I can spend hours finding the best deal and getting the best value I can – whether it’s an online supermarket shop, switching my broadband or buying a fridge. But I’m starting to wonder if the time it takes could be better spent.
How much do you earn an hour? I bet you’ve never actually worked it out. Once you know the figure, you’ve got an idea of what your time is worth.
You’ll be able to work out how long you need to work to buy a couple of pints, or how many days to afford a holiday.
But when you do things out of the office, you don’t get paid – and that includes money saving.
Lots of effort, little reward
I spent near to an hour the other night looking through Amazon. I had to use a £10 voucher and I also wanted to avoid a delivery charge.
I struggled to find something I needed, and even though I got £24 of goods for £10, I’m not sure it was worth it.
This wasn’t an isolated incident.
I’d normally argue it’s important to check reviews for reliability and shop around for the best price but I’ve been known to take hours working out the best price for something that costs under £50.
In the past I’ve even spent ten minutes weighing up if I want to buy something that’s costs just 50p. Total waste of time!
It’s not to say you shouldn’t shop around. There are times researching the best products and prices does pay off.
Research can pay
Some research only takes two minutes. A nice looking Mexican restaurant deal on Groupon today would have cost me £25 for two people. But a quick Google showed the restaurant had pretty poor reviews. You could say that five minutes saved me £25. At an hourly rate that works out as £300!
I’m looking right now to switch my mobile network. The easiest thing would be to just upgrade with O2. I’d be able to get an iPhone 6S but over two years it would cost at least £1,100.
The thing is I don’t need a new phone, so a quick look at O2’S SIM only contract deals show I’d be paying around £17 a month. That’s £408 over two years.
Me being me, I need to research other SIM only tariffs. It should take me about an hour to properly check out all the different deals and work out which is best for me. However a quick look shows I’ll probably end up paying around £12 a month – that’s £120 less over two years.
Once I’ve checked cashback and other offers I think I can get that down even more. The total saving could be as much as £900! Not bad work for a hour every year or so.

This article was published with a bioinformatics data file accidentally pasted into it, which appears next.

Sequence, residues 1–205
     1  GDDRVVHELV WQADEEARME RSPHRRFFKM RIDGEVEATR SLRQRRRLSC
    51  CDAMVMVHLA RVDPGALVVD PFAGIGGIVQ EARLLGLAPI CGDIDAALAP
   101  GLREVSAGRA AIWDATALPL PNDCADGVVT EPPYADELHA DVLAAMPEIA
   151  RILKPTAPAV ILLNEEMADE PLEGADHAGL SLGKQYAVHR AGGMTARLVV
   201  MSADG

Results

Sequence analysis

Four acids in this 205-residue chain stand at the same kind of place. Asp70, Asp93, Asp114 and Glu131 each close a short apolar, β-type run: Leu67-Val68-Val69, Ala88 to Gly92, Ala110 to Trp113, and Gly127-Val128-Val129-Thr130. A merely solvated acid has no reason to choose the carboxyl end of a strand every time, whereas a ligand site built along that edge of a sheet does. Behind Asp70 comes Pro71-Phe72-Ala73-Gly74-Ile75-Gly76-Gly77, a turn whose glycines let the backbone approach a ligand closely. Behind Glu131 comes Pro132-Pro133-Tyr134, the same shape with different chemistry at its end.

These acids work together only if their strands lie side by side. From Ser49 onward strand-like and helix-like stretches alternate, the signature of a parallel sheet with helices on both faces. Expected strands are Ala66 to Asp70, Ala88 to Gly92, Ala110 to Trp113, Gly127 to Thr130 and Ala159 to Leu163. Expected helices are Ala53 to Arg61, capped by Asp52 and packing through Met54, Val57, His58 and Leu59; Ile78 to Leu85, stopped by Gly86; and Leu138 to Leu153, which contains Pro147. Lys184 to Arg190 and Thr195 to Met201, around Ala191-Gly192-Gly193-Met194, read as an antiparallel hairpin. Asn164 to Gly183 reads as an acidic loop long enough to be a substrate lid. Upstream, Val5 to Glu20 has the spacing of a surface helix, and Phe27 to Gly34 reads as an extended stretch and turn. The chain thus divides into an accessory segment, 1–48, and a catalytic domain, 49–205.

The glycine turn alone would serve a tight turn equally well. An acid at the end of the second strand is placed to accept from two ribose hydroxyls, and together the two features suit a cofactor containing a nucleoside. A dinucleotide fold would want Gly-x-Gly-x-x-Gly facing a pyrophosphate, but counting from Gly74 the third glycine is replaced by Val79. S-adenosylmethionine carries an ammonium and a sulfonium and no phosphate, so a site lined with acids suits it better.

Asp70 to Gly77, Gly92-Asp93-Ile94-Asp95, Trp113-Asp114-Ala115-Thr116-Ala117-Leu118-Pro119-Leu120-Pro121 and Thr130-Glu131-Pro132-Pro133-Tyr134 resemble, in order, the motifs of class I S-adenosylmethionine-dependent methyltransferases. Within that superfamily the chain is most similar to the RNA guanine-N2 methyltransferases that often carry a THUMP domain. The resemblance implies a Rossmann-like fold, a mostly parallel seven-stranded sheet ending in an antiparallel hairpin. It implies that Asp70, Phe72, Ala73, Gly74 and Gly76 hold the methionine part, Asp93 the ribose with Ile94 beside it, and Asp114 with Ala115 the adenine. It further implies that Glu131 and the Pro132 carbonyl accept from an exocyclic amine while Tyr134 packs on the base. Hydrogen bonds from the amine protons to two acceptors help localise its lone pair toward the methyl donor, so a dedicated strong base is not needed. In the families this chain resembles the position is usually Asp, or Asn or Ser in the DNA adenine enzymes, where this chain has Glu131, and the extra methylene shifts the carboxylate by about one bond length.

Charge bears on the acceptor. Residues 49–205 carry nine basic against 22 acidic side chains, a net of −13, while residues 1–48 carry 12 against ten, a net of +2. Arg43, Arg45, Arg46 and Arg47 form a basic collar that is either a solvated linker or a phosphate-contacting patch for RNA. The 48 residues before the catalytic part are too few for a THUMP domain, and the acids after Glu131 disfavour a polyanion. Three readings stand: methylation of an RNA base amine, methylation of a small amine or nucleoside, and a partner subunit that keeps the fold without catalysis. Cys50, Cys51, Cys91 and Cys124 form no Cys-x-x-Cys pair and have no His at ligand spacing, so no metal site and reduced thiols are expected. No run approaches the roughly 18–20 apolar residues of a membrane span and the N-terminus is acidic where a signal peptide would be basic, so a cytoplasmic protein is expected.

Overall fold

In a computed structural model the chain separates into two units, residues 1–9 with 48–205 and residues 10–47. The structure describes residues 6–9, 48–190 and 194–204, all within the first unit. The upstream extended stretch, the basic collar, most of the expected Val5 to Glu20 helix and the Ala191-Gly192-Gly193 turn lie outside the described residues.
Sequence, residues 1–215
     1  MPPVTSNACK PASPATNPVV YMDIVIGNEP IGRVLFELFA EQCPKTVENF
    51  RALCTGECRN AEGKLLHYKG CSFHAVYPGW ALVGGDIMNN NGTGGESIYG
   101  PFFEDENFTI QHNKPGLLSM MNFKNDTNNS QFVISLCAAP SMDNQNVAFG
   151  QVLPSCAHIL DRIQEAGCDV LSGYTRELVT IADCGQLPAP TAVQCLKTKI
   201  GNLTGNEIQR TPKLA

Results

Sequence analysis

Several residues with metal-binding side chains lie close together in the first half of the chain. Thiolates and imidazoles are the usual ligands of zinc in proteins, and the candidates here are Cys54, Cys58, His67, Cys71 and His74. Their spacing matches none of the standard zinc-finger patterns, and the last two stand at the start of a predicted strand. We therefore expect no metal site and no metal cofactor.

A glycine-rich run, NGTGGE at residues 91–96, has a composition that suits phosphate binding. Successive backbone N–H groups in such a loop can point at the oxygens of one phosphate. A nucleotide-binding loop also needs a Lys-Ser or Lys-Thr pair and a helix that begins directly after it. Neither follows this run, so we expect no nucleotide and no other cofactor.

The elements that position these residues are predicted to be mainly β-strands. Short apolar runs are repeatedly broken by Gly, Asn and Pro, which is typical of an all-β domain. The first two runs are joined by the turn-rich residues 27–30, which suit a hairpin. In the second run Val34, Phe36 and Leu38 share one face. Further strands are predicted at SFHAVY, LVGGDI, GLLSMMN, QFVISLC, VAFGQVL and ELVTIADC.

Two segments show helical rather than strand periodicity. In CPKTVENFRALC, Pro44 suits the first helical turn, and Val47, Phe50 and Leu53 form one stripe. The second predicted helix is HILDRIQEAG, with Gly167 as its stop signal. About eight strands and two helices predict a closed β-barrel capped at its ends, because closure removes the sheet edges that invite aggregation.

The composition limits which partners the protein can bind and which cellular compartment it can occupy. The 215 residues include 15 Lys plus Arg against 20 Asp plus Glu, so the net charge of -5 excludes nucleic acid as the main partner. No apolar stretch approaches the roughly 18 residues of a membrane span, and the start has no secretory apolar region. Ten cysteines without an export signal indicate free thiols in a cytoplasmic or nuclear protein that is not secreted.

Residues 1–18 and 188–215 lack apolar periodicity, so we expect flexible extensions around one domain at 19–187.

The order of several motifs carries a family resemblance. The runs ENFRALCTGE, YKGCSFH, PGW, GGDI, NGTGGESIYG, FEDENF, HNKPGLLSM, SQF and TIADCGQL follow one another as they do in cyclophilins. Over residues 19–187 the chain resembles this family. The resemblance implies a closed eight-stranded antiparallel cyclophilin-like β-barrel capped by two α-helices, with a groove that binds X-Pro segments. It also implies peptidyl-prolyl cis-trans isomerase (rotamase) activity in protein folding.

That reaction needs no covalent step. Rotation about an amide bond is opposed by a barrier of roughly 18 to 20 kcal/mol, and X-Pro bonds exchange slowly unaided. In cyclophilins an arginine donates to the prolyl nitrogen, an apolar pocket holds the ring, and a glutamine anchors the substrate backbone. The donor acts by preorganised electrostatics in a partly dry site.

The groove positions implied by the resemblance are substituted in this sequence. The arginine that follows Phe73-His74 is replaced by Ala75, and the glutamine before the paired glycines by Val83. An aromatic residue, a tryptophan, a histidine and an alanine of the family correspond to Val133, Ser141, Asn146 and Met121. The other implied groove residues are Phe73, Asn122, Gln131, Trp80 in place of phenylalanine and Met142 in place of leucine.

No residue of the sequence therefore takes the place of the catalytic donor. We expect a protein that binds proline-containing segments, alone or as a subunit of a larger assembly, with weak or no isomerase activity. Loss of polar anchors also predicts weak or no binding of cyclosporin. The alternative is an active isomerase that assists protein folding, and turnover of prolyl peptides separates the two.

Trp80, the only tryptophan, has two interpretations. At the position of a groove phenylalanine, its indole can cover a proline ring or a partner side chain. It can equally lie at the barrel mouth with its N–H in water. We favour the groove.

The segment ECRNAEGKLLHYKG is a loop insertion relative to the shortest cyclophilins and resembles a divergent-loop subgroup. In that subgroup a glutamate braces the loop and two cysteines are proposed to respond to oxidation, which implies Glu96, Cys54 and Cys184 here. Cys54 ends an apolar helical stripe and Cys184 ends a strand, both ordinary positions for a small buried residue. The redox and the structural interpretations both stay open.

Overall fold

Knowing when time could be better spent
I can’t remember when I last read a book (I think February). That’s really poor form as I do love reading. And that box set of the Sopranos is still sitting there…
I’m busy with work, the blog and planning my wedding – combined these don’t leave a huge amount of free time. You’ll have your own commitments I’m sure.
So I’ve decided I need to be a little more disciplined as to when I do spend time looking for the best price. To help I’ve come up with these three rules to see whether the saving is worth the time
1. Know your cost per hour
Work out how much you earn an hour. For most people (working eight hour days with 25 days holiday and bank holidays each year), multiply your monthly take home pay by 12, then divide by 1,840.
Can you save more than this figure in a hour? If not, it’s probably not worth it.
2. Weigh up the time and effort vs the cost
How much are you spending? The more something costs, the more likely you’ll be able to make a decent saving and it’s probably worth researching the best product or shopping around for the best deal.
But if something costs under £20, spend no more than five minutes looking for a saving.
3. Know when a price or product is good enough
Perfection is… well perfect. But most of the time I don’t need the absolute best price, or absolute best item. If I’m happy to pay the price available and there’s nothing obviously better or cheaper, I won’t keep looking.
4. Don’t waste time
If I have to think about whether I need, want or can afford something, I’m going to cut to the chase and simply say no.
Really I know at heart I shouldn’t get it, even if there is a fantastic saving to be had. I’m just trying to convince myself otherwise.